On: July 22, 2022 In: Blog, Fixed Income, Knowledge Centre

By Opus Asset Management Sdn Bhd

  • Consumer Price Index (CPI) rose to +3.4% YoY for June. Malaysia’s CPI reading for June of +3.4% YoY (May: +2.8% YoY) significantly exceeded consensus of +3.2% YoY. We expect the CPI to continue to trend upwards in the next few months. However, with anaemic inflation readings earlier in 1H22 (1H22 CPI average: 2.5%), we expect Malaysia’s CPI for 2022 to be closer to 3.2% which is the upper range of Bank Negara Malaysia’s (BNM) targeted inflation range.
  • CPI rise increasingly broad-based, driven more by food and less by fuel. Based on the convergence of lines in Figure 1, the rise in CPI has shifted away from mostly fuel prices to a more broad-based increase especially in the food category which rose +6.1% YoY. More specifically, meat prices rose the fastest as the elevated commodity price environment in 1H22 has caused animal feed to become increasingly expensive. However, a cooling of input prices (evidenced by the recent drop in Crude Palm Oil prices) and the Ukraine-Russia grain export deal could cap further price gains.

Figure 1: Malaysia’s rising CPI increasingly due to factors other than fuel.

Source: Department of Statistics Malaysia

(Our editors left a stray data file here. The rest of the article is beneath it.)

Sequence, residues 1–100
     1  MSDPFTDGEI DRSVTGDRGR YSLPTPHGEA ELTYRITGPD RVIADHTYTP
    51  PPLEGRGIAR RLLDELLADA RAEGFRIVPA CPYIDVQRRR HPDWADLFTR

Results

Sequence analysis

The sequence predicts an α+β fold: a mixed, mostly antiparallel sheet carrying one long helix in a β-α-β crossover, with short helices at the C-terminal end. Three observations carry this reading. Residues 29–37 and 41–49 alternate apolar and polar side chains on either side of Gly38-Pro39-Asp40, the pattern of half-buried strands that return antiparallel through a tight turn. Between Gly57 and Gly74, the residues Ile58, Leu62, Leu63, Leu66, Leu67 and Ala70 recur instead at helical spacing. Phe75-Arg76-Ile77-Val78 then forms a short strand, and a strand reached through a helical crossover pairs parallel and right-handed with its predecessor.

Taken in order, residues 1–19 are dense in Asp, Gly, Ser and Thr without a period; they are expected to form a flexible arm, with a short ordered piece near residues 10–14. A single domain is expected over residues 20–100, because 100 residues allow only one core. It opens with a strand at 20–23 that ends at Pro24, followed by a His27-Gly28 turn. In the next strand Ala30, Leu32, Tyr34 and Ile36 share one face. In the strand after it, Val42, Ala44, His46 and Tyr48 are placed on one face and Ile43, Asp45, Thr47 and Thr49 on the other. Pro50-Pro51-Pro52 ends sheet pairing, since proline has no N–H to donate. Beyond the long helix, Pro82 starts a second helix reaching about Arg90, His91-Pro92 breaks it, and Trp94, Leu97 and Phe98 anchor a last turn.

• Malaysian Overnight Policy Rate (OPR) seen to rise another 25-50bps from current 2.25% level. With rising inflation and Malaysia’s relatively strong economic growth for 2022 (1Q22 GDP: +5.0% YoY), we expect BNM to hike another 25 – 50 bps, bringing the OPR to 2.50% – 2.75% by end-2022. BNM has reiterated that it will gradually normalise rates and we see opportunities for BNM to do more rate hikes this year while growth remains strong.
  • Malaysian bond market already priced in more rate hikes. Despite lower inflation compared to the developed countries, the Malaysian bond market has priced in more than 4 rate hikes, with the 3-Year MGS currently at 3.50%. As such, we do not expect the bond market to react negatively. As interest rate rise, this has the potential of slowing down growth and the bond market may see yields start to shift downwards.

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